Tuesday, July 1, 2008

Aren't We Living in the 21st Century?? Secret Code Words for Discriminating Workplaces

There is an excellent, disturbing article in yesterday's Chicago Tribune. It is called "Coded Prejudice is cloaked dagger" and was written by Dehleen Glanton. The topic is how racism and discrimination has mutated in the workplace.

Even though the dangers of overt racism have been discussed by companies for years, and hopefully some corrections have been made, this story highlights a more insidious form of discrimination with some disturbing examples.

A woman in a small medical office is called a "reggin" by her supervisor. She claims not to get the term at first, but feels the negative reference when she hears it.

According to the story, Federal officials say they have seen increased complaint levels involving coded terms and images in the work place.

-- "Welfare queen"

-- "crime ridden neighborhood"

-- "full blooded Americans"

-- "you people"

-- "that one in there"

-- "alternate lifestyle"

-- "family oriented employer"

All of these are words that have gotten someone in the workplace in trouble, or cost someone the opportunity to hire qualified talent. The story ends by citing the Racial Slur Database which purportedly defines 2,649 slurs. Their mission: 'helping to make the world a better place."

Highly freaking unlikely.

Yesterday I read a great discussion about a blog on "Fistful of Talent" discussing recruitment of talent from the Lesbian, Gay, Bisexual and Transgender community. This morning I read this.

I believe we have made progress, but apparently we still have a long way to go.


  1. 2,649 racial slurs? I had no idea people had that much time on their hands.

    In my (privately held outside of the workplace) opinion, sometimes people just LOOK for reasons to get upset.

    Case in point: an HR Director friend of mine in Atlanta recently told me of a conversation she had with her Assistant who is black. Yes, black. She is NOT African American. According to her, African American is derogatory to the "younger" set, yet--still according to her--the term "black" is derogatory to the middle-aged and up set. My friend replied, "So, do I have to ask someone's age before I use any racial terminology?" To which her Assistant responded, "Pretty much."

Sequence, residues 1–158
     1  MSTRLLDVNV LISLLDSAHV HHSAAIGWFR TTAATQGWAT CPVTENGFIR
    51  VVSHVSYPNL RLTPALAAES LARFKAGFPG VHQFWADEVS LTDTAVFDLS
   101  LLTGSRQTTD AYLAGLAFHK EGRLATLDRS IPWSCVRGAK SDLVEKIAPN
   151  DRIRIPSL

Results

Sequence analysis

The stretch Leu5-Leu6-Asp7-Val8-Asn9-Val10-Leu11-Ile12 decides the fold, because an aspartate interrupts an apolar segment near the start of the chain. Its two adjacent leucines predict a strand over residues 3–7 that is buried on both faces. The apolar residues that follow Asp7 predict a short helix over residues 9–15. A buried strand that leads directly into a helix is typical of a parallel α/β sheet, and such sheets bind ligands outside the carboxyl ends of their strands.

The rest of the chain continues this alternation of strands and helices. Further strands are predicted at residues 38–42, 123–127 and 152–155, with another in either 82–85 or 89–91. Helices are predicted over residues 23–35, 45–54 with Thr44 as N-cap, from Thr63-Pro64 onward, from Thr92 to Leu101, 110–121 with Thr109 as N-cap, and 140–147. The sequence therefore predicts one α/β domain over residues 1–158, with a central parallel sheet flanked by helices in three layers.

Then I had a conversation with my controller (who is gay) about how "Homosexual" is considered a derogatory term within the gay community, because homosexual is clinical and doesn't "recognize" the "gay lifestyle."

    I just go with using a person's name these days. Hopefully I won't get in trouble for that!

  2. You know, people are sensitive. That's okay. People do look for reasons to get upset. That's okay, too. I believe in the power of common sense. I know there are frivolous lawsuits and stupid people who look for ways to scam the system, but most people are decent & hardworking. Go out of your way to treat people as they expect to be treated and not as you assume how they should be treated. When in doubt, ask.


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